As examples of the semiconductor forming the electron injecting layer and the electron transporting layer, a single material or a combination of two or more of an oxide, nitride, or oxynitride containing at least one element selected from Ba, Ca, Sr, Yb, Al, Ga, In, Li, Na, Cd, Mg, Si, Ta, Sb, and Zn, and the like can be given.

It is preferable that the inorganic compound forming the electron transporting layer be a microcrystalline or amorphous insulating thin film. If the electron transporting layer is formed of such an insulating thin film, a more uniform thin film is formed, whereby pixel defects such as dark spots can be reduced. As examples of such an inorganic compound, the above-mentioned alkali metal chalcogenide, alkaline earth metal chalcogenide, alkali metal halide, and alkaline earth metal halide can be given.

In the organic EL device according to the invention, the electron injecting layer and/or the electron transporting layer may include a reductive dopant with a work function of 2.9 eV or less. In the invention, the reductive dopant is a compound which increases electron injecting efficiency.

In the invention, it is preferable that the reductive dopant be added to the interfacial region between the cathode and the organic thin film layer so that the reductive dopant reduces at least a part of the organic layer contained in the interfacial region to produce anions. A preferred reductive dopant is at least one compound selected from the group consisting of an alkali metal, alkaline earth metal, rare earth metal; oxides of an alkali metal, alkaline earth metal, and rare earth metal; halides of an alkali metal, alkaline earth metal, and rare earth metal; and an alkali metal complex, alkaline earth metal complex, and rare earth metal complex.

A preferred reductive dopant is at least one alkali metal selected from the group consisting of Na (work function: 2.36 eV), K (work function: 2.28 eV), Rb (work function: 2.16 eV), and Cs (work function: 1.95 eV); or at least one alkaline earth metal selected from the group consisting of Ca (work function: 2.9 eV), Sr (work function: 2.0 to 2.5 eV), and Ba (work function: 2.52 eV).

The reductive dopant is more preferably at least one alkali metal selected from the group consisting of K, Rb, and Cs, more preferably Rb or Cs, and most preferably Cs. These alkali metals exhibit a particularly high reducing capability so that an increase in the luminance and the lifetime of the organic EL device can be achieved by adding a relatively small amount of alkali metal to the electron injection region.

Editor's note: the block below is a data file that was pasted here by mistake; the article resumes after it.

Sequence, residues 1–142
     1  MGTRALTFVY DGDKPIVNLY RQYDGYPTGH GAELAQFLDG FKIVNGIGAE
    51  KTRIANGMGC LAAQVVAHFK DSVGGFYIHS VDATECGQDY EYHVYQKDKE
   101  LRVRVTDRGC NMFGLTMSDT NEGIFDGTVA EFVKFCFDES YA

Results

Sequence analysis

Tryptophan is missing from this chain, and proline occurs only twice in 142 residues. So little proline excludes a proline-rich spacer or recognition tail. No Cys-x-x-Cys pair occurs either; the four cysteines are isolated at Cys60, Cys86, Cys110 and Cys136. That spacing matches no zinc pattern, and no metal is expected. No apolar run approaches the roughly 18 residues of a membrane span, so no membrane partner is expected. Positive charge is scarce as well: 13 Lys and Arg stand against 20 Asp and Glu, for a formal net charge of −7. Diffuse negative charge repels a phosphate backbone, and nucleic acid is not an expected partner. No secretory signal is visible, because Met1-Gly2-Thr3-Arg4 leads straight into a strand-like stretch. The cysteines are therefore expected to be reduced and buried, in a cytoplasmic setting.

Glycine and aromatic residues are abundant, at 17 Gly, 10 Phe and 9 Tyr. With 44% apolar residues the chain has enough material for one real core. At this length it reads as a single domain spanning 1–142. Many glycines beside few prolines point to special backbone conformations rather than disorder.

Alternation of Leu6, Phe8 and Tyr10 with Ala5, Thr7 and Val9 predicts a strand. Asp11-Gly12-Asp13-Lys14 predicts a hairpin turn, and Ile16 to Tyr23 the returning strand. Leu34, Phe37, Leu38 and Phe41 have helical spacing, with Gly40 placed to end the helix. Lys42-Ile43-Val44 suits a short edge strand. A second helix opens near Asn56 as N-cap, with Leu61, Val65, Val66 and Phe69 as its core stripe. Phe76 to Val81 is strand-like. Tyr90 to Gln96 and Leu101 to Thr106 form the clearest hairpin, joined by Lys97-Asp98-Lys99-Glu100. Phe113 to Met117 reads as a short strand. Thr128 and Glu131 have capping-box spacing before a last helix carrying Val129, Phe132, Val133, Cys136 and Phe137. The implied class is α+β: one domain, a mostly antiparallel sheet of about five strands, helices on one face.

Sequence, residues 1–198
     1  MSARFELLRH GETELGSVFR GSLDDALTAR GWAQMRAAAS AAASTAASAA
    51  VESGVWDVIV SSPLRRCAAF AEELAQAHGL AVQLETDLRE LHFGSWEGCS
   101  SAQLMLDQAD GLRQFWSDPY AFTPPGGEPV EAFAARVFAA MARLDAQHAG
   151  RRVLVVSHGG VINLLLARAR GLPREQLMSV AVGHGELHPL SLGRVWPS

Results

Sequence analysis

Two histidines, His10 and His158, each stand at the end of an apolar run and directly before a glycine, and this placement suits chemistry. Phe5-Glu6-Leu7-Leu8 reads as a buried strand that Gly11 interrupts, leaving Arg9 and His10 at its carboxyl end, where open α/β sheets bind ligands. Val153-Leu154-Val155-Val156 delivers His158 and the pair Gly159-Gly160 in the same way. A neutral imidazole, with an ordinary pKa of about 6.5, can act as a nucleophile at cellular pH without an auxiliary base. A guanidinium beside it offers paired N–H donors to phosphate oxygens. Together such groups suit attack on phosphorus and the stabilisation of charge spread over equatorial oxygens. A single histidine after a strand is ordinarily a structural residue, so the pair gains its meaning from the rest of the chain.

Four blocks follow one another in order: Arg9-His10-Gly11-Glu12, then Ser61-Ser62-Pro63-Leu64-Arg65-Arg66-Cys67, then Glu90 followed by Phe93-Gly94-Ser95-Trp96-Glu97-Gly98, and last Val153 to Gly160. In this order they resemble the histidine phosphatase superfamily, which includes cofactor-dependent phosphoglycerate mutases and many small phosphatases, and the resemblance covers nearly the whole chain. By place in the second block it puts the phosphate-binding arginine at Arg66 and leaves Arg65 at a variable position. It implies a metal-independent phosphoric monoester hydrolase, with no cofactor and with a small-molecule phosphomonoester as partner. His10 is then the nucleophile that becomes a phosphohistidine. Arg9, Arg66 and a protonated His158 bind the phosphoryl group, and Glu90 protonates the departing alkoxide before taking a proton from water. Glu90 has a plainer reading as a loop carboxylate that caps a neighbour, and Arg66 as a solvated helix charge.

As the alkaline earth metal oxide, BaO, SrO, CaO, BaxSr1-xO (0<x<1)1 and BaxCa1-xO (0<x<1) are preferable.

As examples of the alkali oxide or alkali fluoride, LiF, Li2O, NaF, and the like can be given.

The alkali metal complex, alkaline earth metal complex, and rare earth metal complex are not particularly limited insofar as the complex contains at least one of an alkali metal ion, alkaline earth metal ion, and rare earth metal ion as the metal ion. As examples of the ligand, quinolinol, benzoquinolinol, acridinol, phenanthridinol, hydroxyphenyloxazole, hydroxyphenylthiazole, hydroxydiaryloxadiazole, hydroxydiarylthiadiazole, hydroxyphenylpyridine, hydroxyphenylbenzimidazole, hydroxybenzotriazole, hydroxyfurborane, bipyridyl, phenanthroline, phthalocyanine, porphyrin, cyclopentadiene, β-diketone, azomethine, derivatives thereof, and the like can be given. Note that the ligand is not limited thereto.

The reductive dopant is preferably formed in the shape of a layer or islands. The thickness of the reductive dopant is preferably 0.05 to 8 nm when used in the shape of a layer.

As the method of forming the electron injecting layer and/or the electron transporting layer containing the reductive dopant, a method is preferable in which a compound which is the 0.5 emitting compound or the electron injecting compound which forms the interfacial region is deposited while depositing the reductive dopant by resistance heating deposition to disperse the reductive dopant in the compound. The dispersion concentration (molar ratio) is usually 100:1 to 1:100, and preferably 5:1 to 1:5. When forming the reductive dopant in the shape of a layer, the emitting compound or the electron injecting compound which is the organic-layer at the interface is formed in the shape of a layer, and the reductive dopant is deposited by resistance heating deposition to a thickness of preferably 0.5 to 15 nm. When forming the reductive dopant in the shape of islands, after forming the emitting compound or the electron injecting compound which is the organic layer at the interface, the reductive dopant is deposited by resistance heating deposition to a thickness of preferably 0.05 to 1 nm.